AMERICA'S NEXT TOP MODEL. 8 tonight, Channel 57.
"What happened to Jeffrey Sebelia?" asks New York magazine this week in a profile of the latest "Project Runway" winner not to set the fashion world on fire.
For a few months last year, "Runway" fans may have cared deeply whether Sebelia and his fellow designers were "in" or "out," but as far as most are concerned, once the Bravo show's season ends, they're all out.
As in out of sight, out of mind.
The same goes for just about every "reality" competition but Fox's "American Idol," whose record of post-show achievements now includes an honest-to-God Oscar for distant runner-up Jennifer Hudson.
Assuming, though, that you're not an "Idol"-caliber singer, your chance of achieving lasting fame and fortune via a TV competition is roughly the same as the chance that Rob and Amber will ever get the message that their 15 minutes are up, take their money and run away from the cameras.
Yet as the CW's "America's Next Top Model" begins its eighth "cycle" tonight, Tyra Banks and company have once again rounded up a bunch of women deluded enough to believe they're there to interview for a job that actually exists.
Which is, I suppose, at least half the fun.
Process, after all, is everything in "reality" television, where the ends don't really matter as long as the means are really mean.
Not being able to imagine anything much meaner than putting other people's physical flaws under a magnifying glass on television, I've never been much of a fan of "Top Model," or of Tyra's judging style, which often seems as arbitrary as Donald Trump's.
Though she does have much better hair.
(I know, I know. Mean. Because it's not like the poor guy can afford a better haircut.)
But if "Runway" intrigues me, it's because the process - the competition - is presented in such a way that even someone who doesn't know or care much about fashion can feel temporarily invested.
"Top Model," where the competitions tend to reinforce my suspicions that modeling is more grind than glamour, doesn't have much to say about creativity, so it's forced to rely even more on the clash of personalities that inevitably occurs when attention-seeking young people are thrown together.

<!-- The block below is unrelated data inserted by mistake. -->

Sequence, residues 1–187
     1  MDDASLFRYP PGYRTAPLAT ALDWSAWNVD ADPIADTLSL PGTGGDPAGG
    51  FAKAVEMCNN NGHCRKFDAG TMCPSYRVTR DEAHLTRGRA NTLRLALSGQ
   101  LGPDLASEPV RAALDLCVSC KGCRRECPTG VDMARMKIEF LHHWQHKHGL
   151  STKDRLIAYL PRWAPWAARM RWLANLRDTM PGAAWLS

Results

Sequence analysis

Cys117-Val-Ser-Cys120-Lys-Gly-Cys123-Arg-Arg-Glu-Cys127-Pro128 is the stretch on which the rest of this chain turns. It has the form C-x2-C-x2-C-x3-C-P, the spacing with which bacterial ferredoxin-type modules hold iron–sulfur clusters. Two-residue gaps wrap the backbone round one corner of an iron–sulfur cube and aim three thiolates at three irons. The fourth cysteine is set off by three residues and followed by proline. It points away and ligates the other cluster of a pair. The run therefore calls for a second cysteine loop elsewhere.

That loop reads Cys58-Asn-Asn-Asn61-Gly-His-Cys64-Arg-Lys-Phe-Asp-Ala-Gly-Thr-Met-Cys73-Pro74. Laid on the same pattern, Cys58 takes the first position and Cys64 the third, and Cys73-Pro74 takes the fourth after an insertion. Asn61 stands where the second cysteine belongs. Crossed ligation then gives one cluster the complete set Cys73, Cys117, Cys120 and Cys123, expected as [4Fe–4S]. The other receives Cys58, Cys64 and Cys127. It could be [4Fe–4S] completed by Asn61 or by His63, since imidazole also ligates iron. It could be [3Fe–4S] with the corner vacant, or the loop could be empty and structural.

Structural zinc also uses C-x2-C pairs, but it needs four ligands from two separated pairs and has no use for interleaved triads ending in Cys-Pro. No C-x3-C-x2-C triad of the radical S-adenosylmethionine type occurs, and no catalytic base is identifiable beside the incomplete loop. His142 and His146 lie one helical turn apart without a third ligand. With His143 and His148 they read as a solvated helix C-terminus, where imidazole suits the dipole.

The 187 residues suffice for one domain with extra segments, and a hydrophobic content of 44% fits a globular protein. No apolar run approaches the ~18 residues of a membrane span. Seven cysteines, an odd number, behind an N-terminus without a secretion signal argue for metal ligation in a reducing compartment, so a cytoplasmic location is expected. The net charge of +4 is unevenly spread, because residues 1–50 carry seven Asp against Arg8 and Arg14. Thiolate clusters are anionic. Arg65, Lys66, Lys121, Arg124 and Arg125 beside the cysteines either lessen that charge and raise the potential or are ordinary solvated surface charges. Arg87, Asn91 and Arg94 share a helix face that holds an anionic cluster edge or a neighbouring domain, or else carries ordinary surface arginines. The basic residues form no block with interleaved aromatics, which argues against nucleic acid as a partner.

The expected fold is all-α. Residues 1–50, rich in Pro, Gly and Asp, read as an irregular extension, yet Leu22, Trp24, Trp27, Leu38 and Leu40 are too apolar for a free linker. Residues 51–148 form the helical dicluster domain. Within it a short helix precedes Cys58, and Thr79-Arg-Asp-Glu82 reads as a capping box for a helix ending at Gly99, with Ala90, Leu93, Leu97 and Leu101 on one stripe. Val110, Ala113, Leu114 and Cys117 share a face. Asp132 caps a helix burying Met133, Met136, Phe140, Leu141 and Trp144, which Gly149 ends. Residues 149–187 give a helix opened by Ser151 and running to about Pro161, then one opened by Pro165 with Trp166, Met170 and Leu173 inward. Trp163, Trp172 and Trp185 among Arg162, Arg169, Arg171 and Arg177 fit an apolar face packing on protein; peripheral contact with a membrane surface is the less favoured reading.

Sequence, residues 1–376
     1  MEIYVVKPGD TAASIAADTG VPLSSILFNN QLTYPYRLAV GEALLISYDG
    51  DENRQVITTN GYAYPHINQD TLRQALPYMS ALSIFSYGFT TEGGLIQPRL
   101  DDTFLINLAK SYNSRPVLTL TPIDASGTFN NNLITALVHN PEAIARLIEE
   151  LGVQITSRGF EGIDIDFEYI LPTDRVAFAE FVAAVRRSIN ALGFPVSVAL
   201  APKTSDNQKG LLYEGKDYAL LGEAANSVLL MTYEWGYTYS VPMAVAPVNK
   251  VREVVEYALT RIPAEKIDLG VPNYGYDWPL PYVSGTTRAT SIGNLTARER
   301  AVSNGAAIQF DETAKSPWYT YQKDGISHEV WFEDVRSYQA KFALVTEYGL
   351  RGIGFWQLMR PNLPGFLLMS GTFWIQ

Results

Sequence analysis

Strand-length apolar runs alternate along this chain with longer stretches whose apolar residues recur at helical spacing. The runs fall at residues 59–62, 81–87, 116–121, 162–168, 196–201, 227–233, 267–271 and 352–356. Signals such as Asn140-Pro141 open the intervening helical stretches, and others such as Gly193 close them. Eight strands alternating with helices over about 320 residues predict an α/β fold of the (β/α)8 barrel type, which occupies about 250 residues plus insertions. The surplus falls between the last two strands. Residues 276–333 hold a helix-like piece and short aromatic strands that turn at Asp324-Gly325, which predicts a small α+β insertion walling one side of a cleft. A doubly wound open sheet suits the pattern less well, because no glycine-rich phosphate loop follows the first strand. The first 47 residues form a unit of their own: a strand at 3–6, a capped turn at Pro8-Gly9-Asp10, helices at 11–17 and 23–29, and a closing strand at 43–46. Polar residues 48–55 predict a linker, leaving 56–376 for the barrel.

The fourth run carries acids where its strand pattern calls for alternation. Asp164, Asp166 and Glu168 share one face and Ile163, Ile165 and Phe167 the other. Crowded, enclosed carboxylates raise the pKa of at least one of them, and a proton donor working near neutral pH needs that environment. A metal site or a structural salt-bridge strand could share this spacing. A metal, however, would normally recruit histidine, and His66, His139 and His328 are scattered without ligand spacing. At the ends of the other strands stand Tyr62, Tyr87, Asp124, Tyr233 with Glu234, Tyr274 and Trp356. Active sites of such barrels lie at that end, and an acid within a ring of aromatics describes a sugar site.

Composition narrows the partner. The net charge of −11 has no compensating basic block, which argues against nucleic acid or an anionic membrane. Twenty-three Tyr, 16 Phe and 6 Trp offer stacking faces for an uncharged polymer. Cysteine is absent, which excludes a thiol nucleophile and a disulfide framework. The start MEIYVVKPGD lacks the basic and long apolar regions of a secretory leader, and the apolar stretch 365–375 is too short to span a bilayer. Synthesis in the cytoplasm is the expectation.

Among tonight's standouts: a young Russian mail-order bride who defends her fortysomething husband as the man who changed her life; a midriff-baring mother of a 7-month-old whose flat tummy, if not an actual affront to nature, is one of its marvels; a young woman who'd lent her hair - a weave - to a friend and had to sew it back on her own head for the show; and a couple of plus-sized hopefuls (plus size being defined here as a size 12 or 14).
Tyra, who, whatever she weighed during the filming of the two-hour premiere, looked pretty good, nevertheless seems to have body image on her mind, remarking after one candidate's interview, "If she loves herself, then that means that I can love myself, too."
I'm not sure, though, that anyone watches a show like "Top Model" in the name of love.
And, OK, I'm glad I didn't miss the girl who claimed to love Audrey Hepburn, particularly in the movie "Dinner at Tiffany's."
This season, we're told, the winner will get a $100,000 Cover Girl contract, the cover of Seventeen magazine - a far cry from Hudson's Vogue debut - and a deal with a modeling agency. Here's hoping all that's enough. *